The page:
Social Purpose Corporations: What, Why, How

Consumers and investors are increasingly interested in the social profile of the businesses they choose to invest in and buy from. In Washington State, you can create a for-profit corporation that is set up to pursue profits and public good. This form of corporation is called a Social Purpose Corporation (“SPC”). SPCs are governed, together with for-profit corporations, under the Washington Business Corporation Act, RCW 23.B.5 (the “Corporation Act”).

At Summit Law Group, we are proud to be part of the broader shift toward corporate responsibility as a foundational tenet of good business practice. We have helped businesses in the private and nonprofit-adjacent sectors convert to SPCs.

An SPC is a hybrid of a traditional for-profit corporation and a non-profit corporation. The fundamental difference between a traditional corporation and an SPC is that corporate directors can prioritize the social purpose of the corporation in fulfilling their duties without the risk of legal liability, even if their decisions reduce shareholder value. Washington statutes permit the stated social purpose of the corporation to guide director decision making in conjunction with, and with equal importance to, maximizing shareholder returns.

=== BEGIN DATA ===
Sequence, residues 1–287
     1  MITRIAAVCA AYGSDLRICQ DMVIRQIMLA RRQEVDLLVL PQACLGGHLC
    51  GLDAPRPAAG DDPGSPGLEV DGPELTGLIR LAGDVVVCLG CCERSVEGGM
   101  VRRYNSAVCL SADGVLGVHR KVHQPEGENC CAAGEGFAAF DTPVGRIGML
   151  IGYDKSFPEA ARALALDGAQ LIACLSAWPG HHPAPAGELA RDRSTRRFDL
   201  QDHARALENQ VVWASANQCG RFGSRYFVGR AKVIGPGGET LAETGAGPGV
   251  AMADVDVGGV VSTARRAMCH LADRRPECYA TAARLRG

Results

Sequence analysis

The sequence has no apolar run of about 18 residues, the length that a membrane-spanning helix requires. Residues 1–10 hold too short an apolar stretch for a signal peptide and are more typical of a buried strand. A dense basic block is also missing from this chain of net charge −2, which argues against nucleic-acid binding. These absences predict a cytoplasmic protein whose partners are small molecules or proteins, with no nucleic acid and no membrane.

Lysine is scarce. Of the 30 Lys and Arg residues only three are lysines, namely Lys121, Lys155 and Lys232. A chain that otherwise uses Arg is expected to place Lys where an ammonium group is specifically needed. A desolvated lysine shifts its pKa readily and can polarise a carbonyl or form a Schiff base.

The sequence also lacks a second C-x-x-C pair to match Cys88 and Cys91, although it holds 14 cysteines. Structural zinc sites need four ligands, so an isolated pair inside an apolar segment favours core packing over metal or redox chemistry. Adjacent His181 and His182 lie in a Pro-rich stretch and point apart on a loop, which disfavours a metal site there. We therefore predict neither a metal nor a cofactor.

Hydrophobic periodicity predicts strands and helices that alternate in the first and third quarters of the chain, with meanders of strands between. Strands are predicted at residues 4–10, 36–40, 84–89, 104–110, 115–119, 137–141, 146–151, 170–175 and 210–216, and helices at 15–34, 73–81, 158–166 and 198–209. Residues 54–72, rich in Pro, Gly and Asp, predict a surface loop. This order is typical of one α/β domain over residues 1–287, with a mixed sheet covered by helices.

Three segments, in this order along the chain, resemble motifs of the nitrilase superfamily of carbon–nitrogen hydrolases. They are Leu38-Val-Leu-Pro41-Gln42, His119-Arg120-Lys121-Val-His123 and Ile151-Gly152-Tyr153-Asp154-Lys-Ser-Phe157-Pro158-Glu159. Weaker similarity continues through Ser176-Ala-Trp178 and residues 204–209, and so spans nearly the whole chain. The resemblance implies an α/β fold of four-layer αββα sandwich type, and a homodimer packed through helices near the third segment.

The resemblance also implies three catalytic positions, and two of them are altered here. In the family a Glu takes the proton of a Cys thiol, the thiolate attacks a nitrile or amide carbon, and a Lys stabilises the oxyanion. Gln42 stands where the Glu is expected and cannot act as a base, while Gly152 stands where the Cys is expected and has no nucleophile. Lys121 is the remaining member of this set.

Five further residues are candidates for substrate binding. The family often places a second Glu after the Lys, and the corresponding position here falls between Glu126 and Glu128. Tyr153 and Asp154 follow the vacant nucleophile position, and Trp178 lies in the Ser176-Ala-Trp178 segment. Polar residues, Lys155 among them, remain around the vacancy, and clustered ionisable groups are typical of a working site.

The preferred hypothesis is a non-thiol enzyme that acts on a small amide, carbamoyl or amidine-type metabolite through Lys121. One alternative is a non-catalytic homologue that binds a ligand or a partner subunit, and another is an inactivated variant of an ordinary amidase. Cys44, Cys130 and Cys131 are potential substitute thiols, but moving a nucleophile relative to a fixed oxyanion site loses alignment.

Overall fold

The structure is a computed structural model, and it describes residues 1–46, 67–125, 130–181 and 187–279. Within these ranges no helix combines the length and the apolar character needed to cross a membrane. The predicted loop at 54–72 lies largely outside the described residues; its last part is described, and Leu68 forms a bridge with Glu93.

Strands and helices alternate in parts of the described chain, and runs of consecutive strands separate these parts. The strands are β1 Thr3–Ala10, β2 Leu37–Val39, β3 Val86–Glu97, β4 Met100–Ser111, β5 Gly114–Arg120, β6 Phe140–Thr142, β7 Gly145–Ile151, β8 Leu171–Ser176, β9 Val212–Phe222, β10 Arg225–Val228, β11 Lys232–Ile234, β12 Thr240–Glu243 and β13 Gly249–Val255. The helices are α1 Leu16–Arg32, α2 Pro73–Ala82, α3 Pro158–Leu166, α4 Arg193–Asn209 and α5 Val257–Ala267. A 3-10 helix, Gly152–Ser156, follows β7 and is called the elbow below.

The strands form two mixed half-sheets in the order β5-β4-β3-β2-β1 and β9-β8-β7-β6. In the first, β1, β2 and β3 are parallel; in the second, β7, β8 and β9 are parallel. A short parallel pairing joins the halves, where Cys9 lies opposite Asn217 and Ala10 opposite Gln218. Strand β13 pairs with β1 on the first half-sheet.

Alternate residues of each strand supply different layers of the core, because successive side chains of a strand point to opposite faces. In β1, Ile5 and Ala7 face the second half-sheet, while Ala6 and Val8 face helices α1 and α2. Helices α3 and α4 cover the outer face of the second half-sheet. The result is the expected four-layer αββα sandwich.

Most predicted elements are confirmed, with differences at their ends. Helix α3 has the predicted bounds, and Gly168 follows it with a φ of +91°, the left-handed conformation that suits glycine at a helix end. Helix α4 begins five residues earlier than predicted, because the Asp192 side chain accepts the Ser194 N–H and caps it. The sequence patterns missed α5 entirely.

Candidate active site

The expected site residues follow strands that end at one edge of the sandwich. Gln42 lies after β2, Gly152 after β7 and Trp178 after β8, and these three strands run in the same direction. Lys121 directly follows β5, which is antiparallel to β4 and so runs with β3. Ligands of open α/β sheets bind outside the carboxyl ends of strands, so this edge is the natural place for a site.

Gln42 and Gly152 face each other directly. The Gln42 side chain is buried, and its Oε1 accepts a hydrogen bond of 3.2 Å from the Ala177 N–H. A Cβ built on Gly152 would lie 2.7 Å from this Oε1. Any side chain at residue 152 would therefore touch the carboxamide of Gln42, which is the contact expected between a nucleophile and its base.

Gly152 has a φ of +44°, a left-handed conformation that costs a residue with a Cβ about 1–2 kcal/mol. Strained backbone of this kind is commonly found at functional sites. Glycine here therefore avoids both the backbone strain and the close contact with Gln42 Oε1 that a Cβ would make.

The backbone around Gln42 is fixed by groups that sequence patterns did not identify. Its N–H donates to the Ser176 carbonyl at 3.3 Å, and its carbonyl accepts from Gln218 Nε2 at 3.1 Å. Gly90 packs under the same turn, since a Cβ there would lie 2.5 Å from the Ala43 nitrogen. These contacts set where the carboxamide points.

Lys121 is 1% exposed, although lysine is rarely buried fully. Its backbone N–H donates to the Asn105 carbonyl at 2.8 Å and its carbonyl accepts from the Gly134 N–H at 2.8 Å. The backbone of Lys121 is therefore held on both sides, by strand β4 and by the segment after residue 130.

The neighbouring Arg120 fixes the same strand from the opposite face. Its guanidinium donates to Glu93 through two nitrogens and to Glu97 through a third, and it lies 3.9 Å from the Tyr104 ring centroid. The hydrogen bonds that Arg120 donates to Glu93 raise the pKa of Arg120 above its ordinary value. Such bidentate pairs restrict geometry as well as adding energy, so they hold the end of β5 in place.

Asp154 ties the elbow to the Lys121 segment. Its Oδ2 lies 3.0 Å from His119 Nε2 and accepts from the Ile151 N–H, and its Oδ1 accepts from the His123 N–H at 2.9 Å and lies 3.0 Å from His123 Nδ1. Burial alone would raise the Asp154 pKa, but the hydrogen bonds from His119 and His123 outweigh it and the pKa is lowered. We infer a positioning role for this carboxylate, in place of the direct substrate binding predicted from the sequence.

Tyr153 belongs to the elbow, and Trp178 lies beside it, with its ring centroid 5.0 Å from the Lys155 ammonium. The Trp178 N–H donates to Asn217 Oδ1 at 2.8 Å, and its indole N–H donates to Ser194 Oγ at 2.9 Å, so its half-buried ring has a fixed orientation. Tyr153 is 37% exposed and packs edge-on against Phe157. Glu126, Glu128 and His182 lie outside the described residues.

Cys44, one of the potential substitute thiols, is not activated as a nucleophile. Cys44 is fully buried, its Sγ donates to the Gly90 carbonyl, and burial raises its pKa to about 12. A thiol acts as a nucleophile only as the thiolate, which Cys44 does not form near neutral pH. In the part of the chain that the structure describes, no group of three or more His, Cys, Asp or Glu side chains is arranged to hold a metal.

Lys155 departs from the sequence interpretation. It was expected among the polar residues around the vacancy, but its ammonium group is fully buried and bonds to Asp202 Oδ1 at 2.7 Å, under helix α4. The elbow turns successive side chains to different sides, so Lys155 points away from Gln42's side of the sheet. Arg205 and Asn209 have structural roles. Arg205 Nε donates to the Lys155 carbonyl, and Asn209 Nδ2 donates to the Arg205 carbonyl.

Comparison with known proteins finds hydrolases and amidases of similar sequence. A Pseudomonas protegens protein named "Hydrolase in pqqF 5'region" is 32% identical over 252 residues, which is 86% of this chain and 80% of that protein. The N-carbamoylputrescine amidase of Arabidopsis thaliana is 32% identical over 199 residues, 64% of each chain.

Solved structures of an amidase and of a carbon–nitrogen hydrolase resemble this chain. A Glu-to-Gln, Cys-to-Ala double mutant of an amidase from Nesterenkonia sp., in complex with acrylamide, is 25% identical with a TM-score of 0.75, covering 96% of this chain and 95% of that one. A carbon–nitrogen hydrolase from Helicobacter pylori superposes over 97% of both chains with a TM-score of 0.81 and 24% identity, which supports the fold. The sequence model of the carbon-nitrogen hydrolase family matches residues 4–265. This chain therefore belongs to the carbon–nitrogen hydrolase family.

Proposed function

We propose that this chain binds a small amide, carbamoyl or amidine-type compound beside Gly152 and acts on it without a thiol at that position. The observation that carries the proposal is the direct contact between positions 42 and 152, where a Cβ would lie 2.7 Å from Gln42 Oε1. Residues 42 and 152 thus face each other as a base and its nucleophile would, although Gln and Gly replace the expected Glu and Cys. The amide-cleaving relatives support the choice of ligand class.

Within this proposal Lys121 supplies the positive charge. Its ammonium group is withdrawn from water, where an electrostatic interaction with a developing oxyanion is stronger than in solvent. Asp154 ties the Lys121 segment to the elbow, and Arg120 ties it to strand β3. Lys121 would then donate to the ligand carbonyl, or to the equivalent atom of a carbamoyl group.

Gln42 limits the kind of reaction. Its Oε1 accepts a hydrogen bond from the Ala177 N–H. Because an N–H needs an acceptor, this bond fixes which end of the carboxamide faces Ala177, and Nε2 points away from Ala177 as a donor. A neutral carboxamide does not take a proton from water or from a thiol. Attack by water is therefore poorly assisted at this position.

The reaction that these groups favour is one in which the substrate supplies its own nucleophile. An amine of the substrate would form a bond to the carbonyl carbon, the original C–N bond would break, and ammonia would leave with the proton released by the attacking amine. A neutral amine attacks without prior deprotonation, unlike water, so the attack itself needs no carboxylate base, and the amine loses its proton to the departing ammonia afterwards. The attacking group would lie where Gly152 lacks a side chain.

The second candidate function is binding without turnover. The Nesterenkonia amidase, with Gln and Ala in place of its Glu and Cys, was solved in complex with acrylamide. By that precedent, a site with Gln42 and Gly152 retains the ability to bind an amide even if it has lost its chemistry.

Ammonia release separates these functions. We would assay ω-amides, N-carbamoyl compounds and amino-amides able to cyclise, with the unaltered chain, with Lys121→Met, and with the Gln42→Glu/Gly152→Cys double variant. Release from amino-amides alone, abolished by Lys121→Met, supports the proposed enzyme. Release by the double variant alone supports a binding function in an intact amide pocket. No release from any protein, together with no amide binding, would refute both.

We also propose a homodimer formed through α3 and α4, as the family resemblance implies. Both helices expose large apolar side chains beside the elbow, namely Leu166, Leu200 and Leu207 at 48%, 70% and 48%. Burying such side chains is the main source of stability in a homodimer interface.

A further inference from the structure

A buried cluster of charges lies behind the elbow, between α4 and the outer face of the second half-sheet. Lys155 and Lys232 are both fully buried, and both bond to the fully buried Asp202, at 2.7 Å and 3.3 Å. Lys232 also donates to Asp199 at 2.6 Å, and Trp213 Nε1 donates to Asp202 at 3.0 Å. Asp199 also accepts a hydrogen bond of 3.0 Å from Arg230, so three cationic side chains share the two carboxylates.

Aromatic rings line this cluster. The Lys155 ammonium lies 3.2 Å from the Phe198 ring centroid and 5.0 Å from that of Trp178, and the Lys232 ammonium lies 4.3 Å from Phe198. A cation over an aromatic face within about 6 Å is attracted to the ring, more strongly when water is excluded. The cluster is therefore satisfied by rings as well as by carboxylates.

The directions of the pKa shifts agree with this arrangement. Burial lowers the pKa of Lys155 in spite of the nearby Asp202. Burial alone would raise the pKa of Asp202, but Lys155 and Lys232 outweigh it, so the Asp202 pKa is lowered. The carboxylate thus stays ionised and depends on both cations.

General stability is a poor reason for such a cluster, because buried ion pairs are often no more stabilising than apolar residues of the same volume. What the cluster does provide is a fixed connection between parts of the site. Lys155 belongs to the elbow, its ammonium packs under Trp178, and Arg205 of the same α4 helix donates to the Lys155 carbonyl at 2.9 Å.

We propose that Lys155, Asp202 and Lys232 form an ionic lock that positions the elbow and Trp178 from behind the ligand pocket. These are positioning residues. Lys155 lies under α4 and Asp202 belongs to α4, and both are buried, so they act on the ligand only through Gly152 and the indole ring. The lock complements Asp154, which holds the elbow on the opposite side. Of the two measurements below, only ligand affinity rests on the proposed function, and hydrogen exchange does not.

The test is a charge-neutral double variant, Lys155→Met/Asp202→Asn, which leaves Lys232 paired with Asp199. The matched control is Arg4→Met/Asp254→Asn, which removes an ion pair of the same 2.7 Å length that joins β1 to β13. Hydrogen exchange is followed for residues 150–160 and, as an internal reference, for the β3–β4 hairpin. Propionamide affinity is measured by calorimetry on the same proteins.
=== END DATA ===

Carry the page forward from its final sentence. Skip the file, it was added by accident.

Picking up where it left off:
SPCs must have a General Social Purpose (RCW 23B.03.010) and may have one or more Specific Social Purposes (RCW 23B.25.030). A General Social Purpose is intended to promote positive short-term or long-term effects, or minimize adverse short-term or long-term effects, of the corporation’s activities upon any or all of (i) the corporation’s employees, suppliers, or customers; (ii) the local, state, national, or world community; or (iii) the environment. SPCs are free to adopt any Specific Social Purpose they deem appropriate, as set forth in the SPC’s articles of incorporation.

We believe that SPCs, as a concept, represent a modern, progressive, future-oriented approach to business. If you would like to know more about the specific mechanics of becoming an SPC or need help in ensuring proper governance of an existing SPC, reach out to our Summit Law Group corporate law partners, Ada Danelo ( or Jessica Mitchell (


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